For each block, we first confirm the syntactic validity of the block (SPECK-CHECK), which includes the syntactic validity of messages included in the block. We then apply the messages, running all the state transitions, and compare the state root we calculate with the provided state root.

FIXME: This next para might be best replaced with a link to the validation doc Some of the possible causes of failure in this stage include:

  • a block is syntactically invalid (including potentially containing syntactically invalid messages)
  • the computed state root after applying the block doesn't match the block's state root
  • FIXME: Check what's covered by syntactic validity, and add anything important that isn't (like proof validity, future checks, etc.)

The core functionality can be found in Syncer::ValidateTipset(), with Syncer::checkBlockMessages() performing syntactic validation of messages.

Setting the head

Note: The API refers to this stage as StageSyncComplete.

If all validations pass we will now set that head as our heaviest tipset in ChainStore. We already have the full state, since we calculated it during the sync process.

FIXME (aayush) I don't fuilly understand the next 2 paragraphs, but it seems important. Confirm and polish. Relevant issue in IPFS: https://github.com/ipfs/ipfs-docs/issues/264

It is important to note at this point that similar to the IPFS architecture of addressing by content and not by location/address (FIXME: check and link to IPFS docs) the "actual" chain stored in the node repo is relative to which CID we look for. We always have stored a series of Filecoin blocks pointing to other blocks, each a potential chain in itself by following its parent's reference, and its parent's parent, and so on up to the genesis block. (FIXME: We need a diagram here, one of the Filecoin blog entries might have something similar to what we are describing here.) It only depends on where (location) do we start to look for. The only address/location reference we hold of the chain, a relative reference, is the heaviest pointer. This is reflected by the fact that we don't store it in the Blockstore by a fixed, absolute, CID that reflects its contents, as this will change each time we sync to a new head (FIXME: link to the immutability IPFS doc that I need to write).

FIXME: Create a further reading appendix, move this next para to it, along with other extraneous content This is one of the few items we store in Datastore by key, location, allowing its contents to change on every sync. This is reflected in the (*ChainStore) writeHead() function (called by takeHeaviestTipSet() above) where we reference the pointer by the explicit chainHeadKey address (the string "head", not a hash embedded in a CID), and similarly in (*ChainStore).Load() when we start the node and create the ChainStore. Compare this to a Filecoin block or message which are immutable, stored in the Blockstore by CID, once created they never change.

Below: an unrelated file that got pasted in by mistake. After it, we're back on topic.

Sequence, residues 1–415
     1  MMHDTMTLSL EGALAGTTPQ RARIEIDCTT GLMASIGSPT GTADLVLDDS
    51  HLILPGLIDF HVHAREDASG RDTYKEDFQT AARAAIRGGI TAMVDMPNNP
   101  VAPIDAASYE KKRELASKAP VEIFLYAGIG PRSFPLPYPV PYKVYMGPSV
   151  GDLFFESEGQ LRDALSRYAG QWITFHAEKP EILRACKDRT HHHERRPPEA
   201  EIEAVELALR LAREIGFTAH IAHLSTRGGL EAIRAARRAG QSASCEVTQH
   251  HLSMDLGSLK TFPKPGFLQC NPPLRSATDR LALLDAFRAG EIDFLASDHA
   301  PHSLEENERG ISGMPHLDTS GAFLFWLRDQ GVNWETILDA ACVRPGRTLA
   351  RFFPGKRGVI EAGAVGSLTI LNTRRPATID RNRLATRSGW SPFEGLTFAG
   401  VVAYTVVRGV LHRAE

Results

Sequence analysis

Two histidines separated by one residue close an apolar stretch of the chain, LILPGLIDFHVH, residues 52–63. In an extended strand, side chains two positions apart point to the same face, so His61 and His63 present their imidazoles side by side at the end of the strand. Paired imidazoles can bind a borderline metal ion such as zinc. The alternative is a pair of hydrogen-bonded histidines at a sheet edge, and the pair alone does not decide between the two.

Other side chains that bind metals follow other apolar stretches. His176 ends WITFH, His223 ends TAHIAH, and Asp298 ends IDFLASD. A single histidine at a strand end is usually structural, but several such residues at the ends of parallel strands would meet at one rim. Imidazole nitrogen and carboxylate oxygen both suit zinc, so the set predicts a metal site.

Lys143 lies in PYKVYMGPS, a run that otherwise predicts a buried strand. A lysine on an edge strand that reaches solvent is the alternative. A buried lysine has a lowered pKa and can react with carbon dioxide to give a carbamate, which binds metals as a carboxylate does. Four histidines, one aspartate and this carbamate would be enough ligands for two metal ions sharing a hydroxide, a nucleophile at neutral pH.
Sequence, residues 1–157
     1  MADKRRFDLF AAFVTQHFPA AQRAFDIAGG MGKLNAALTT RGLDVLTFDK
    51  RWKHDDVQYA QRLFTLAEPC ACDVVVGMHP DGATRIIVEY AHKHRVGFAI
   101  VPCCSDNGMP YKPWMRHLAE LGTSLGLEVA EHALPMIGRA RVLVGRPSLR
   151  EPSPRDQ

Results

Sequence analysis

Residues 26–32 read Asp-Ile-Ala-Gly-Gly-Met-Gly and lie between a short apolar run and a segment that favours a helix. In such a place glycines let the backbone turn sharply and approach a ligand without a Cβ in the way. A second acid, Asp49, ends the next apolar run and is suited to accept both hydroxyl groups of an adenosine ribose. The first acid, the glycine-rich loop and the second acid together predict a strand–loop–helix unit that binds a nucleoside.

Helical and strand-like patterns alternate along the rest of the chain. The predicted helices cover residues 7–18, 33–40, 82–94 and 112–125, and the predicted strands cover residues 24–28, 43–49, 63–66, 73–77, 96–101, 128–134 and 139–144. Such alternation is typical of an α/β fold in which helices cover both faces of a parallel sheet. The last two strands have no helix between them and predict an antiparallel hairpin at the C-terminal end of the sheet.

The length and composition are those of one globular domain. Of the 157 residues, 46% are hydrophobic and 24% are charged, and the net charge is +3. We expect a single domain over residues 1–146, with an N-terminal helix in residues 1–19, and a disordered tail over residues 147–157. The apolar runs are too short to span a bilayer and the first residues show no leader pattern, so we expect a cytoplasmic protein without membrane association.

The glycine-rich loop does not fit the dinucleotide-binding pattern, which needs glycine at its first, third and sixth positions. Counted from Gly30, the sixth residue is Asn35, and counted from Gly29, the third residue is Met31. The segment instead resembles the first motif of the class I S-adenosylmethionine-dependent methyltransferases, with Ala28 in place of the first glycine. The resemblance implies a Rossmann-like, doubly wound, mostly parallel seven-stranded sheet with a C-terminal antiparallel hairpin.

Keeping up with the chain

A Lotus node also listens for new blocks broadcast by its peers over the gossipsub channel (see FIXME for more). If we have validated such a block's parent tipset, and adding it to our tipset at its height would lead to a heavier head, then we validate and add this block. The validation described is identical to that invoked during the sync process (indeed, it's the same codepath).


In Filecoin, the chain state at any given point is a collection of data stored under a root CID encapsulated in the StateTree, and accessed through the StateManager. The state at the chain's head is thus easily tracked and updated in a state root CID. (FIXME: Talk about CIDs somewhere, we might want to explain some of the modify/flush/update-root mechanism here.))

Calculating a Tipset State

Recall that a tipset is a set of blocks that have identical parents (that is, that are built on top of the same tipset). The genesis tipset comprises the genesis block(s), and has some state corresponding to it.

The methods TipSetState() and computeTipSetState() in StateManager are responsible for computing the state that results from applying a tipset. This involves applying all the messages included in the tipset, and performing implicit operations like awarding block rewards.

Any valid block built on top of a tipset ts should have its Parent State Root equal to the result of calculating the tipset state of ts. Note that this means that all blocks in a tipset must have the same Parent State Root (which is to be expected, since they have the same parent tipset)